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US military poisoning American communities with toxic chemicals

An aerial view of the Pentagon building in Washington, June 15, 2005. (Reuters photo)

The US Department of Defense is secretly burning one of the most enduring, indestructible toxic chemicals known to man - Aqueous Film Forming Foam (AFFF) - despite its grave risks to human health.

Data published by Bennington College show that AFFF, which is a Per- and polyfluoroalkyl substances (PFAS), is being incinerated near disadvantaged communities in the United States.

There is no evidence to show that incineration actually destroys these synthetic chemicals, but there are good reasons to believe that the burning simply emits these toxins into the air and onto nearby communities, farms, and waterways.

Yet, as the new data show, the US military ordered the clandestine burning of over 20 million pounds of AFFF and AFFF waste between 2016 and 2020.

The Pentagon is effectively carrying out a toxic experiment whose unwitting subjects are millions of Americans.

Exposure to trace amounts of these “forever chemicals” is strongly linked to a large number of cancers, developmental disorders, immune dysfunction, and infertility. It has also been linked to aggravated infections caused by Covid-19 and weakened vaccine effectiveness.

In December 2016, the US Armed Forces conducted a survey of military bases, identifying 393 sites of AFFF contamination in the country, including 126 sites where PFAS compounds infiltrated public drinking water.

In 2019, the Pentagon admitted those numbers were “under-counted,” and that, according to the Environmental Working Group’s popular map of PFAS contamination, the current number of polluted military sites stands at 704, a number that continues to increase.

Multiple states have pressured the Department of Defense to address the widespread problem. 

New Jersey, Massachusetts, Michigan, New York, New Jersey, New Hampshire and Vermont — have passed regulations on PFAS in drinking water, but some of them are now unable to enforce those standards when the federal government violates them, according to Bloomberg Law.

Portsmouth, New Hampshire, Colorado Springs, Colorado and other communities near US military bases have all been affected during the last decade.

“Mapping the sites of PFAS contamination in the United States, the Department of Defense stands out as a significant contributor to this dismal list,” Dave Andrews of Environmental Working Group (EWG) told David Bond, Associate Director at Center for the Advancement of Public Action (CAPA) at Bennington College.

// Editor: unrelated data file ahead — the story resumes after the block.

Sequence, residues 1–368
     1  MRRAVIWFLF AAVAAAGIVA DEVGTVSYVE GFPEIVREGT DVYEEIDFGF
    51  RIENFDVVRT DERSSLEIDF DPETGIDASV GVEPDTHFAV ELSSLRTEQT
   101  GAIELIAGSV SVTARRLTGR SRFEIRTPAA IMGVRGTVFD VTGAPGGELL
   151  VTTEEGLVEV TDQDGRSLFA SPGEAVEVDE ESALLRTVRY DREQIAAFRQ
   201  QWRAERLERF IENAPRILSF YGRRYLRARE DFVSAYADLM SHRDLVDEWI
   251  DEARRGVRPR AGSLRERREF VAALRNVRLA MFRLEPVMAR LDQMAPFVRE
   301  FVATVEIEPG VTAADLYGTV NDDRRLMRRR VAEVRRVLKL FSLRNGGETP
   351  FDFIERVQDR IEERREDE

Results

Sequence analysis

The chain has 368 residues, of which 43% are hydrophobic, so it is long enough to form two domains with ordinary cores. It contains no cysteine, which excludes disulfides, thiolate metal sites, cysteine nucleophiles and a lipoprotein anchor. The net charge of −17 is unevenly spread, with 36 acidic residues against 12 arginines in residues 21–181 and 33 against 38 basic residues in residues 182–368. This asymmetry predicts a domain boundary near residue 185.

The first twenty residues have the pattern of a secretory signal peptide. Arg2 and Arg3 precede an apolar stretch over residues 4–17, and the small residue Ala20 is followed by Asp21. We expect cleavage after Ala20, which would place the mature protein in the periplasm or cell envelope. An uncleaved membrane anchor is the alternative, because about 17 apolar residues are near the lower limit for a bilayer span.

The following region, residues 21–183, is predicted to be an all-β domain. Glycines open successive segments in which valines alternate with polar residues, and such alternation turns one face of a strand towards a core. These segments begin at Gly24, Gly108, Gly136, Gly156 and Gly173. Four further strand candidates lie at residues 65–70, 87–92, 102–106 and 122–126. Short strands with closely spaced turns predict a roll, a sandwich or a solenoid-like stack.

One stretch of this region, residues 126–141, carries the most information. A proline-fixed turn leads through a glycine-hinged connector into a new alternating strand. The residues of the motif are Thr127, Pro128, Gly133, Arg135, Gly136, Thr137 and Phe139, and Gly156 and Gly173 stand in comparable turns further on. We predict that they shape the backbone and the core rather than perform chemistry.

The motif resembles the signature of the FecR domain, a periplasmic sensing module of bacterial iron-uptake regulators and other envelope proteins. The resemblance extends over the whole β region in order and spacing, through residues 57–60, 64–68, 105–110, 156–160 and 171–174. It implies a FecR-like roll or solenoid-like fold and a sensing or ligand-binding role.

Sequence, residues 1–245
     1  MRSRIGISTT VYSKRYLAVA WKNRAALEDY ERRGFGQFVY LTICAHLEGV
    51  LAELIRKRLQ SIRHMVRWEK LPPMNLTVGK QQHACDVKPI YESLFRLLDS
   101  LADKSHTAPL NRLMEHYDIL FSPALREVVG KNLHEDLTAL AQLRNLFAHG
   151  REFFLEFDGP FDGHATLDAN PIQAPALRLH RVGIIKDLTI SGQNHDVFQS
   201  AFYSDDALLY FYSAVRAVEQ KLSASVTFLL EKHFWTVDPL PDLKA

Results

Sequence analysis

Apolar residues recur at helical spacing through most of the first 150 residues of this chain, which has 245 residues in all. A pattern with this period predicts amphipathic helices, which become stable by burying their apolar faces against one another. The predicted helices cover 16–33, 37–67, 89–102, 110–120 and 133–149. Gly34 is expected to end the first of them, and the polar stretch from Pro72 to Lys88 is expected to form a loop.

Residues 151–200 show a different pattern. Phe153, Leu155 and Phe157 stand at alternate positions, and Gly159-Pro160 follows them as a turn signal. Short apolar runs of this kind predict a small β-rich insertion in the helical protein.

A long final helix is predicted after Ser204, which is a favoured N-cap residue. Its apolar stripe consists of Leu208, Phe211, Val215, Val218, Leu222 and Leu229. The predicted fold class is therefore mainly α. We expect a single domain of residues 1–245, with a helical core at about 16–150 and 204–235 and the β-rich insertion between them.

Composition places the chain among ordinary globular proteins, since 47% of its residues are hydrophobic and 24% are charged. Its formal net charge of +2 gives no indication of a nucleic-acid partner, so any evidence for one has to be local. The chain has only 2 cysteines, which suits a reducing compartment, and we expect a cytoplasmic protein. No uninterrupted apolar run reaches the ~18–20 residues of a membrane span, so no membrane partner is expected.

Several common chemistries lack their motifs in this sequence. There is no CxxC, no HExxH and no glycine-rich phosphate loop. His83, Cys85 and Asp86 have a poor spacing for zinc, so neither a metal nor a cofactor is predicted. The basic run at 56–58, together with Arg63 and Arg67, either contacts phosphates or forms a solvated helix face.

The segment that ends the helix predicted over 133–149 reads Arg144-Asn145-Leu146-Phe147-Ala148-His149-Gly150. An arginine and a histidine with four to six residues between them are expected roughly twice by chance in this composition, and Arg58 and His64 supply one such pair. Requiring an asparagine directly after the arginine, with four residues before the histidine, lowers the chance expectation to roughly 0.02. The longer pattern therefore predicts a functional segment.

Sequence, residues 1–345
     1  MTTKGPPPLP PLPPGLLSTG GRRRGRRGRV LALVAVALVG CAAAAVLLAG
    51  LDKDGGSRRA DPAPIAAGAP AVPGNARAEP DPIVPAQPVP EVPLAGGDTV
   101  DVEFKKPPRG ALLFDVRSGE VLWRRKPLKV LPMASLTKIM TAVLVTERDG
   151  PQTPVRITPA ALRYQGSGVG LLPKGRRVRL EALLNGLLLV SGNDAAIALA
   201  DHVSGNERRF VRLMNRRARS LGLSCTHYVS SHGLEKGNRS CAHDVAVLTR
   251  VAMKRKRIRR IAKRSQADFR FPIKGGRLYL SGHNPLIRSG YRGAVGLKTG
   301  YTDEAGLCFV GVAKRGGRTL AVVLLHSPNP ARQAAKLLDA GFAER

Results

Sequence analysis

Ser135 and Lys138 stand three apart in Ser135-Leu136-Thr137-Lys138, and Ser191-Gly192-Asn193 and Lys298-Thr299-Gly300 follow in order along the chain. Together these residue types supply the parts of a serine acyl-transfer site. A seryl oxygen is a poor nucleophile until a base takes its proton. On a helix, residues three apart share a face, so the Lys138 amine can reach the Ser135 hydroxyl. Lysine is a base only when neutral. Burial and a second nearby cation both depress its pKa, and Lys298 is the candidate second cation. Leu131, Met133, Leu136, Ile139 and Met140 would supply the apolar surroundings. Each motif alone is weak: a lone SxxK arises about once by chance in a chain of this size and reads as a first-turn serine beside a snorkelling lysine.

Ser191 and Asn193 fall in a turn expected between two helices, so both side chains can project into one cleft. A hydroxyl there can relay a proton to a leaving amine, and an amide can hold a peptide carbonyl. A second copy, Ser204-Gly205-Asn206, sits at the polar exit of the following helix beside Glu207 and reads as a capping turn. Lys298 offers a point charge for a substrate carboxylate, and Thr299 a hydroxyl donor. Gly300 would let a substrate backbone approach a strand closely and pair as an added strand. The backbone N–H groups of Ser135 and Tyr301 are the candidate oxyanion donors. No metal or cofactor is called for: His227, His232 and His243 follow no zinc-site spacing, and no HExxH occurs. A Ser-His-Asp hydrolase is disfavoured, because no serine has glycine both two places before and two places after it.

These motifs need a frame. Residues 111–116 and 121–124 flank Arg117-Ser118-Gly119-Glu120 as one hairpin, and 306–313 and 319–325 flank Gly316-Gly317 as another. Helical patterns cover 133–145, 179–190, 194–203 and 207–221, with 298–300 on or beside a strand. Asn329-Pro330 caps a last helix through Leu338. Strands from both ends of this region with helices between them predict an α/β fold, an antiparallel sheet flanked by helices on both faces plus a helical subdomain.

The Pentagon might be hastening efforts to dispose of AFFF before it is classified as a hazardous waste, Bond noted.

Invented and popularized by the US Armed Forces, AFFF was introduced during the Vietnam War to combat petroleum fires on naval ships and air strips.

The chemical is a synthetic molecular bond stronger than anything known in nature and is virtually indestructible once manufactured. The carbon-fluorine bond overpowers and tames even the most incendiary infernos.

Sailors assigned to the amphibious assault ship USS Boxer (LHD 4), clean the ship's flight deck with Aqueous Film Forming Foam (AFFF), March 26, 2007. (Photo via US Navy)

Highlighting the “strong flame inhibition effects” of the bond, a 2020 EPA report concluded, “It is not well understood how effective high-temperature combustion is in completely destroying PFAS.”

Also, last year, an influential interstate environmental council refused to endorse burning AFFF, arguing incineration is still “an active area of research.”

As the US Armed Forces became the world’s biggest consumer of AFFF, troubling questions as to what happens after the burning of the chemical were brushed aside.

US military bases, both in and outside the country, encouraged the spraying of AFFF in routine drills while firefighters were told it was as safe as soap.

In 2018, federal scientists decided to publish a comprehensive review of the toxic chemistry of AFFF, but Pentagon officials called that science “a public relations nightmare” and sought to suppress the findings.

The US military still possesses a tremendous amount of AFFF and despite its extraordinary resistance to fire, incineration secretly became the military’s preferred method of handling the toxic chemical.

“We knew that this would be a costly endeavor, since it meant we’d be burning something that was engineered to put out fires,” Steve Schneider, chief of Hazardous Disposal for the logistics wing of the Department of Defense, said in 2017 as the operation was underway.

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